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Saturday, April 9, 2016


Habitat is where an organism lives. The temperature, water, sunlight, food source needed is available.

I planted grapefruit trees in my yard. They were supposed to be tolerant of temperatures to 22 degrees Fahrenheit or -10 Celsius. They weren't. They died promptly after the first freeze.

I have plans to purchase the variety of banana plants called cohol veinte. They are supposed to set fruit that mature before the plant freezes back each year. It is best to grow what is suitable for your climate.

About ten miles as the crow flies, there is a great deal of sand. There is a road in the area called cactus hill. There is plenty of rain but the sandy soil doesn't hold onto the water. So you have cactus.

The greatest predictor of extinction of a species is loss of habitat.

I'm a bit cynical about this. Whenever a developer wants a piece of land, they may be delayed but eventually the land will be developed. So many of our natural areas are in undesirable locations for people to live. The nuclear disaster at Chernobyl has produced a natural wonderland for flora and fauna.

This is why I never enjoyed teaching environmental science. People will support protecting the environment. But economics make a lot of decisions. When the knowledge that many dolphins were killed during tuna fishing, sales of tuna dropped dramatically. This demonstrates the general public is in favor or protecting species. Tuna companies began advertising their tuna was caught with dolphin safe nets to encourage sales.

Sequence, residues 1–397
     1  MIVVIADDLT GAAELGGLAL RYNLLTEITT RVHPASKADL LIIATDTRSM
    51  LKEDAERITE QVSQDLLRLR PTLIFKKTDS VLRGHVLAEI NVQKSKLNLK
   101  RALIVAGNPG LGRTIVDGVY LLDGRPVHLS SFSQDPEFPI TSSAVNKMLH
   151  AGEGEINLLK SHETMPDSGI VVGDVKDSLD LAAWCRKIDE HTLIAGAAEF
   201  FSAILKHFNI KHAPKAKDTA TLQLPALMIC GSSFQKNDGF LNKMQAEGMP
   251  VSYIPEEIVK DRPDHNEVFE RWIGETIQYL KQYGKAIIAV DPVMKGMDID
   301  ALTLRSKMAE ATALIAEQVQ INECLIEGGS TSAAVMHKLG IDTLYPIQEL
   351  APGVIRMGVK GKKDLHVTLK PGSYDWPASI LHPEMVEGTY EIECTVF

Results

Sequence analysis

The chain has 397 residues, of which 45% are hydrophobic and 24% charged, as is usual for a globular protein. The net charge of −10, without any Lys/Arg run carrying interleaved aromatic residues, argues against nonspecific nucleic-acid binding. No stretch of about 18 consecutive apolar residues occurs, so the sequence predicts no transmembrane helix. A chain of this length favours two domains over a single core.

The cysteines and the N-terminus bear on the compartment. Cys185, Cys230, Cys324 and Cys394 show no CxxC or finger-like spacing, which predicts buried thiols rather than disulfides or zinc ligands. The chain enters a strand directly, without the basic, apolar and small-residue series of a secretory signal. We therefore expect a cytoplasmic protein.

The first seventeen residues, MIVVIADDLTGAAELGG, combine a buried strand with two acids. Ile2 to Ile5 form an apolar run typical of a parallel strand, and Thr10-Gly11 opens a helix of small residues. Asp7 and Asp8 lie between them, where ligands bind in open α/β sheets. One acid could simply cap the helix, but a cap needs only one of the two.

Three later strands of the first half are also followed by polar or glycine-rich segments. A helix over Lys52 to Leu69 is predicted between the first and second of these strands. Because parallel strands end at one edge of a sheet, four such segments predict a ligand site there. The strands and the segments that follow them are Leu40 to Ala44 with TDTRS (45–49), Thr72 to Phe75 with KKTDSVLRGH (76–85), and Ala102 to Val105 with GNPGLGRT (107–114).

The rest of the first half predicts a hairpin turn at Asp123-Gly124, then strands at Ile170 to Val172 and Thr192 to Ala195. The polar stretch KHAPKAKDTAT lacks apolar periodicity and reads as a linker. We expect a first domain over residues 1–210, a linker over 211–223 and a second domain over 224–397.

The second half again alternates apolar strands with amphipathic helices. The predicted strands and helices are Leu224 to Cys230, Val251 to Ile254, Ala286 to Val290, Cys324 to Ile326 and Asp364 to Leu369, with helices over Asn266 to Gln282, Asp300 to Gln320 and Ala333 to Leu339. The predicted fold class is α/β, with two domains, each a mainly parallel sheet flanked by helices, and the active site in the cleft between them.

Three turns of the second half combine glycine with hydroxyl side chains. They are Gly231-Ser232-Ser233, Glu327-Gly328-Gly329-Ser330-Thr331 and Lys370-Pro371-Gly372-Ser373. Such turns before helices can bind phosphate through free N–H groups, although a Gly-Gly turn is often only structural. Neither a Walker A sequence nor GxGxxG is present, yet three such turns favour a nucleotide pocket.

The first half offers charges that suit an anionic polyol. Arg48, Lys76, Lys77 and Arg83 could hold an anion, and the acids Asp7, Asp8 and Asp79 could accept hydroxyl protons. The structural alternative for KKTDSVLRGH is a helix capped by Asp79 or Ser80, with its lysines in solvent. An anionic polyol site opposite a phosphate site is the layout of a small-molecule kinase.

I don't develop my small piece of property. No insecticides or herbicides are used. It is not a big natural area but it is my part. I love a late evening walk and hearing the birds settling into the deep grass for a short night's sleep.
Westward View from my Front Yard. 


  1. The first thing that sprang to mind when reading this was my time as a teacher and doing habitats with the kids as part of their project. It was amazing and I learned as much as them. Great post.

    1. You do learn a lot as a teacher. I remember teaching rocks for the first time. I thought, I'll get through this. Then in time, I got really good at identifying minerals and rocks by sight.

  2. Habitat loss is a huge problem in my country (India), the population pressure is high and humans win and animals lose.

    I love the image. You have a beautiful view, and are so lucky to live where you do, with wide open skies.

    1. Human needs do put pressure on the environment.
      I don't know how long places like mine will exist. So many more people and development is coming.

  3. There are micro climate cells where I live. Going 100 to 200 metres in a direction can result in several degree average temperature shifts (my neighbor can grow bananas but I can't.

    Rhonda at
    One of Alex's ninja minions

    1. Such is life where elevation changes rapidly. I would love to tour your country. I've always heard how beautiful it is.
      My mother grew up on top of a mountain in Alabama. The heat was always a problem for her in central Georgia. Essentially, my mom grew up where the climate was more similar to Vermont.

  4. J here, of the #atozchallenge Arlee Bird's A to Z Ambassador Team.
    How has the first week of the challenge been for you so far? Are you meeting your goals of posting and hopping to other blogs? Looking forward to Sunday off?
    My blog's giveaways are still going! I'm encouraging everyone to visit more stops.
    I'd say the tuna thing was the most impressive environmental campaign of all time.

  5. Enjoyed the post and the picture! We should all be more aware of our environment—the impact we have on it and its natural beauty, too.

  6. So true, I remember a park ranger saying that world was made up of builders and destroyers. Hopefully, more of the builders will take heed to protect the environment.


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